GHEI: The Social Security Ponzi scheme

Government mismanagement has left retirement account empty

As of last year, a married couple earning two average incomes would have paid more into Social Security that they could expect to receive from it. If the man lives to the expected age of 82 and the woman to 85, they would get back $556,000 of the $598,000 they paid into the system over their lives, according to the Urban Institute. That’s a bad deal, and the ripoff will only get worse without major reform.

Social Security operates the way Bernie Madoff ran his scam. Functionally, both are what are termed Ponzi schemes, where current receipts are used to pay off earlier investors. The first ones in make out very well; investors at the bottom of the pyramid are left with nothing. Madoff was sent to die in prison, but government can raise taxes to cover up the scam.

The first recipient of Social Security benefits paid $24.75 in taxes and received $22,889 in benefits. In the 1960s, the average married couple paid in $36,000 and expected to get more than $250,000. Today, that couple loses $42,000. As the baby boomers retire and the number of people receiving Social Security climbs sharply, the return for the generation paying for the boomers will deteriorate because Social Security is a pay-go system. Current revenue pays for today’s expenses, and not just for Social Security but for the whole federal government.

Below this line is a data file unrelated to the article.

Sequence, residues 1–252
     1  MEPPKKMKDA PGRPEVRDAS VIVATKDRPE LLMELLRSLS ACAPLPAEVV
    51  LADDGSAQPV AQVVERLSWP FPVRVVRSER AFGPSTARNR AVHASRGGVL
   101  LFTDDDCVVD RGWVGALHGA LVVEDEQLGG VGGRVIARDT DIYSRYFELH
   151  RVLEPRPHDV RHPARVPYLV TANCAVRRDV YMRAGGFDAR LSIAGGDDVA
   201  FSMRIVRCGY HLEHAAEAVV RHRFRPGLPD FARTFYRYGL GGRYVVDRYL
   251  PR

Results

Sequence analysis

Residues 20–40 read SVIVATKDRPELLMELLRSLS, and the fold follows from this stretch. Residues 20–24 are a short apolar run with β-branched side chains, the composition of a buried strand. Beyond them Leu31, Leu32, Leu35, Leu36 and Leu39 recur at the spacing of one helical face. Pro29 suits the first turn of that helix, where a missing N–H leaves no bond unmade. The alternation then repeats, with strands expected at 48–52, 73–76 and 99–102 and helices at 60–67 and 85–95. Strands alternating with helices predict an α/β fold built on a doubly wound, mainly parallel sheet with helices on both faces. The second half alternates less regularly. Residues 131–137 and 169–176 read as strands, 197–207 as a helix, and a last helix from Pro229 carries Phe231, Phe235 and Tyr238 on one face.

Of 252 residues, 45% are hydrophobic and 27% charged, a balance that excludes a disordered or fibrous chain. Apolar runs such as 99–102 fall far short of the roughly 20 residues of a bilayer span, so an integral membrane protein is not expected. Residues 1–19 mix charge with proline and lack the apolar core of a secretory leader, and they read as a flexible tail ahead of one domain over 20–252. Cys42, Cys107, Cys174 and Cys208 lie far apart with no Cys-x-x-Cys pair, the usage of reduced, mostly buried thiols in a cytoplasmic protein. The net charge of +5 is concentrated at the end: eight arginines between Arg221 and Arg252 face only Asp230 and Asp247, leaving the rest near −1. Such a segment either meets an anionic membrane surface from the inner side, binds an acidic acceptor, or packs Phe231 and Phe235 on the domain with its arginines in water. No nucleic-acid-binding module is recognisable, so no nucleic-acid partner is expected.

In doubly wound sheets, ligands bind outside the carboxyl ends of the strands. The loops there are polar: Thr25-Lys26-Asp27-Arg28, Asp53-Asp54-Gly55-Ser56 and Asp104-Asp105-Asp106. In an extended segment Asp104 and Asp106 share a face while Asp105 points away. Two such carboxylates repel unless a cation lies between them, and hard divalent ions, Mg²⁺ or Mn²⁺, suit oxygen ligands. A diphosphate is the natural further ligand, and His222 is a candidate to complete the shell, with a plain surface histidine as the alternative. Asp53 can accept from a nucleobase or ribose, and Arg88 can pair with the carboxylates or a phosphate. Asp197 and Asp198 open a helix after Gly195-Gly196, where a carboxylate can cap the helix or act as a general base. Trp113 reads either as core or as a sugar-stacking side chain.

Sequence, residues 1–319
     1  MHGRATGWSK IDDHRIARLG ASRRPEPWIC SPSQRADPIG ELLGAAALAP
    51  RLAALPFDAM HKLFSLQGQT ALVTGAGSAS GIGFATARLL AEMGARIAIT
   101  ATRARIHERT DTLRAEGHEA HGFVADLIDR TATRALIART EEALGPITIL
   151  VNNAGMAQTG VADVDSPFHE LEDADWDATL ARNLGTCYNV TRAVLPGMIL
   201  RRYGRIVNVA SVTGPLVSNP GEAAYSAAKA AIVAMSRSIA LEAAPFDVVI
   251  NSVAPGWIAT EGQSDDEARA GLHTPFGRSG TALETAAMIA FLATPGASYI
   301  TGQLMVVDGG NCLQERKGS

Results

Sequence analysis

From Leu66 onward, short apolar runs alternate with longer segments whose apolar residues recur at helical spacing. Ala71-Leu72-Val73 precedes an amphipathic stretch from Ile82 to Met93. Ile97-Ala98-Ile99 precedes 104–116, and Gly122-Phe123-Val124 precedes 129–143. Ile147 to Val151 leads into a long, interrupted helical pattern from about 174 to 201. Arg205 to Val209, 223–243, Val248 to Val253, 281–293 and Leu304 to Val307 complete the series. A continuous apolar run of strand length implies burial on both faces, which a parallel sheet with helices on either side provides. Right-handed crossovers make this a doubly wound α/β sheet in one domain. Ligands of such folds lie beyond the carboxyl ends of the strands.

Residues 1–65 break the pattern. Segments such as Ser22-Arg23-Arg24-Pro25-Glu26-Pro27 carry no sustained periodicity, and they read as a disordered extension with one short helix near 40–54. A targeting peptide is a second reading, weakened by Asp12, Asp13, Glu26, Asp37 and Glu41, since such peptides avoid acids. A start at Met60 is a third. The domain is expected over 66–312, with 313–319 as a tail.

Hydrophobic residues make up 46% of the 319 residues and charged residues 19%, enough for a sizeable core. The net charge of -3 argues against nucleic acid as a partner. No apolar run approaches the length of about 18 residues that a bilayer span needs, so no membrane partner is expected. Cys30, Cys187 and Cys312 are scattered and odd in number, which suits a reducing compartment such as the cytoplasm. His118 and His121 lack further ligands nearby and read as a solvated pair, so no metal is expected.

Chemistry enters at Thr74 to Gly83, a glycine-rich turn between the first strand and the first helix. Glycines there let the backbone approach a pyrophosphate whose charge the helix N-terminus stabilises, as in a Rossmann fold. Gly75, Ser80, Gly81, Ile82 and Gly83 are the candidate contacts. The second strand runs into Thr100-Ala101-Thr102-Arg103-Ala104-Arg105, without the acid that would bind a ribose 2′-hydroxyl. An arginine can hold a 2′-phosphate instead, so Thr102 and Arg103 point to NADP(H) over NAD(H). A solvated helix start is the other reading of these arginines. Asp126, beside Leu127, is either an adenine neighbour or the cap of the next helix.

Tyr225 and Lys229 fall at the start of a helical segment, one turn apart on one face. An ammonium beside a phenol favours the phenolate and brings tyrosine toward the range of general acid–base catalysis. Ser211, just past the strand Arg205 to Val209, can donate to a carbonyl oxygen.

As demographics and benefits changed, the Social Security tax climbed from a modest 2 percent in 1937 to a peak of 12.4 percent. The current 2 percent rebate, which brings the tax to 10.4 percent, is scheduled to expire at the end of the current calendar year. Even at a 12.4 percent tax rate, Social Security won’t be able to fund its obligations without significant intervention. Changes might include higher taxes — which would further drag down economic growth and job creation — or cutting benefits, which makes the whole thing increasingly unattractive for younger workers.

Defined-contribution retirement funds, such as 401(k) accounts and IRAs, are more likely to give their owners a positive return. They dropped 31 percent in the 2008 market crash but recovered their value by the first quarter of 2012, according to the Urban Institute. The performance of defined-benefit plans — that is, pensions — was far worse, losing 37 percent of value in 2008 and still down 15 percent from 2007.

Social Security is broken. To float the system, it robs from the young and redistributes wealth to the old, who are already the wealthiest segment of society. It’s time to restore some generational equity. That includes giving greater freedom over retirement and savings decisions to workers, instead of saddling them with government control and ever-increasing taxes.

Nita Ghei is a contributing Opinion writer for The Washington Times.

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